Dimension is the deepest set of shades in the collection.
The bronzer shade is a deep neutral-to-cool brown. I can’t tell if it legitimately has a satin finish or if it just reacted strangely with the foundation underneath. The highlight in the middle is a rosey brown with metallic shine, sort of like KVD’s Lolita, but as a shimmer highlight. The blush is a bright lipstick raspberry pink and the blue-based pink highlighter running through it really helps give this a cool tone and amps up the color. This is a really stunning collection of shades. If you’re lighter like me, and aren’t a big #HookerClown drag queen, this is probably way too dark to be useful for you, though a light application of the blush for a draped look could be really striking.
Now, let’s talk about Gravitate, our problem child.
The highlighter is a pale champagne pearl shimmer with pink tones. The blush is a lovely, semi-sheer rose pink with strong blue undertones.
You’ll probably notice that I only swatched out two of the shades in the palette. That’s because I received a broken bronzer shade. Twice.
In the first package, sent in a bubble envelope, this is what I received. It’s clearly been through some things! The corner and one side of the box was fully crushed, and there was powder all over the inside of the envelope. When I opened it up, I was actually surprised to see that only one of the shades had broken, given the state of the packaging! I chalked it up to rough handling, contacted Ulta’s customer support, and asked for a replacement.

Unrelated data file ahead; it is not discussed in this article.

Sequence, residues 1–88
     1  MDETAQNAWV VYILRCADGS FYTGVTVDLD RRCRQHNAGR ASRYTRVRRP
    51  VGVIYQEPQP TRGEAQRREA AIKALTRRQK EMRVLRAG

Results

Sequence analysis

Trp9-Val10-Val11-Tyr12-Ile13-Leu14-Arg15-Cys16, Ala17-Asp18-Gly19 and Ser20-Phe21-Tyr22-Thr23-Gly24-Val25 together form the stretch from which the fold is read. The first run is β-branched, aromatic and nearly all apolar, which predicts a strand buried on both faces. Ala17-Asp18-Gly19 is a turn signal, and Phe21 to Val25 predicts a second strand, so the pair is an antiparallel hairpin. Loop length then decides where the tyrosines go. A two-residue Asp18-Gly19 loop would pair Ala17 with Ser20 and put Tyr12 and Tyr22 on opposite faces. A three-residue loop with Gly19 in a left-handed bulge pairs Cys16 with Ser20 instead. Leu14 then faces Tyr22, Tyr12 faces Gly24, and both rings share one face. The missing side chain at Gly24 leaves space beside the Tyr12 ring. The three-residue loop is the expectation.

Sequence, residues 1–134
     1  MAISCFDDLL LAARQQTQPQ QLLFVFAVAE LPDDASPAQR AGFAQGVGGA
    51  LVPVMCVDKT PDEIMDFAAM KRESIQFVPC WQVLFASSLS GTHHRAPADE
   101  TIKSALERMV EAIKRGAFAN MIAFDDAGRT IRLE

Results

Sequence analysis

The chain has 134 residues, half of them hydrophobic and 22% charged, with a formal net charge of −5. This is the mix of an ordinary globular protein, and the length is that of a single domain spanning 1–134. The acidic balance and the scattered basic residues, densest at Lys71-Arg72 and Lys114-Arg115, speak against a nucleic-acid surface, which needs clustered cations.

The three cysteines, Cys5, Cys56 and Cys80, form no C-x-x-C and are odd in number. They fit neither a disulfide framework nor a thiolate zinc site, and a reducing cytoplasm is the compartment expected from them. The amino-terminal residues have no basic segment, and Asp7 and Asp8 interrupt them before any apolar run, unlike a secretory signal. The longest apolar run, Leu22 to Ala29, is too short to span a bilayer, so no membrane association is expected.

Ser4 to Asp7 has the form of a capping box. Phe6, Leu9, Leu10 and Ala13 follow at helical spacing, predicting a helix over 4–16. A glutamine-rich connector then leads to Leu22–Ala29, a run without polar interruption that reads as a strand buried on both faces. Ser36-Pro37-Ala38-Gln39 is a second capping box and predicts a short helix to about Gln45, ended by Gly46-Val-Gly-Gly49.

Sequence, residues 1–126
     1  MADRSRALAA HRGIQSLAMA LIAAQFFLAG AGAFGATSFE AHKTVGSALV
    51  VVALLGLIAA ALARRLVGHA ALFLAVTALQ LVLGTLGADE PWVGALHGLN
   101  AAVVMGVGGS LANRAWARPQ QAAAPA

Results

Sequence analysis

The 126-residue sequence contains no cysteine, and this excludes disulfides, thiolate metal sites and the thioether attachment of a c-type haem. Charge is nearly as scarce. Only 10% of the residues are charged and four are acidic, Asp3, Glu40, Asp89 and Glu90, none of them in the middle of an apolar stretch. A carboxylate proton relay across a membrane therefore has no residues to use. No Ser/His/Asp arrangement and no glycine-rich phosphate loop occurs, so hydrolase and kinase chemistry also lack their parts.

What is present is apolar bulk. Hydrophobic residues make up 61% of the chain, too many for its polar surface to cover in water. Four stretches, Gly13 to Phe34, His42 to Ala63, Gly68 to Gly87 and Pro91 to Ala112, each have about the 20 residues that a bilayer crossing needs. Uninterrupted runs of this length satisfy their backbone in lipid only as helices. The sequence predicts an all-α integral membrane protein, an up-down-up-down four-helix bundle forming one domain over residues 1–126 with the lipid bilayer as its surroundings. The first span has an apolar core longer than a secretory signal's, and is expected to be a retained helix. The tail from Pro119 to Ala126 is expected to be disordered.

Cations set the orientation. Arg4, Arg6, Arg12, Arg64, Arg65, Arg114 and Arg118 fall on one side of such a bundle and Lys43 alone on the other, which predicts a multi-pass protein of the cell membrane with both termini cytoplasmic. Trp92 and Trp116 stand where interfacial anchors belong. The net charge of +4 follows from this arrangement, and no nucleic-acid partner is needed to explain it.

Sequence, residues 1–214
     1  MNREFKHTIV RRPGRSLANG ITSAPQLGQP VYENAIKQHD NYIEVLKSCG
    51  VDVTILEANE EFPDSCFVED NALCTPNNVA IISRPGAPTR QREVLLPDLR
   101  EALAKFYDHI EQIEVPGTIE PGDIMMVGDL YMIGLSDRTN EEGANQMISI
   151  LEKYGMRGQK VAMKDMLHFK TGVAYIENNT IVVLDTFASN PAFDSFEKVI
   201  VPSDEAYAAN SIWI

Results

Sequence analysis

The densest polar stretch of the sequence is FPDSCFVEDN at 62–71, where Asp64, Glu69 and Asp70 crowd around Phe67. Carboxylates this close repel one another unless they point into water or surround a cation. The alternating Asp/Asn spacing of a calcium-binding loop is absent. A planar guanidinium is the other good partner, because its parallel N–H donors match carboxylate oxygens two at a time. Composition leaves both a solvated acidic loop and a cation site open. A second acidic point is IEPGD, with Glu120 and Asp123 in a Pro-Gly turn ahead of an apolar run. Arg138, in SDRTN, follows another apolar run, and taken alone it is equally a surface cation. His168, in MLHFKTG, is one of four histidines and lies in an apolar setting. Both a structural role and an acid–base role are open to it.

The replacement came in a small box, and the outside packaging was pristine, but the bronzer was still completely smashed. At that point, I figured there must be something about that particular shade that makes it difficult to transport. It’s not clear where the damage occurred -it may very well have been damaged on the way to Ulta, but because the box wasn’t damaged no one realized until it had already been sent out. Either way, I decided to cut my losses, scrape out the remnants and clean up the two shades I did have, and got a refund on the product from Ulta. I’m bummed that the bronzer was a broken mess, since that one seems like the bronzer that would be the best match to my complexion, but at least I still have the other two shades in the palette and I was able to get refunded.
I’ve heard not great things about some of the other products in the line, so I’m still skeptical, but overall I enjoyed these face palettes. The downsides are that I don’t think the shades are really all that well curated (except for maybe the Dimension palette) or designed to work that well with each other, the broken bronzer, and the fact that in the blush shades (again, except for Dimension) the highlighter part of the combo tends to overwhelm the blush and make it a bit too glowy to work on its own. Of course, that’s a criticism I had of the Hourglass blushes too, so perhaps that’s just part and parcel of playing the dupe game!
I’m not mad about Revolution Beauty duping out other products and offering a lower cost alternative to some of those high end products. Hourglass prices are frankly outrageous, and these face palettes not only aren’t straight up copies, they also offer more flexibility and variety than the Hourglass options. In fact, the deep skin options in Dimension are worlds ahead of anything Hourglass currently offers – maybe it’s time for them to take a page from the Revolution playbook and copy them!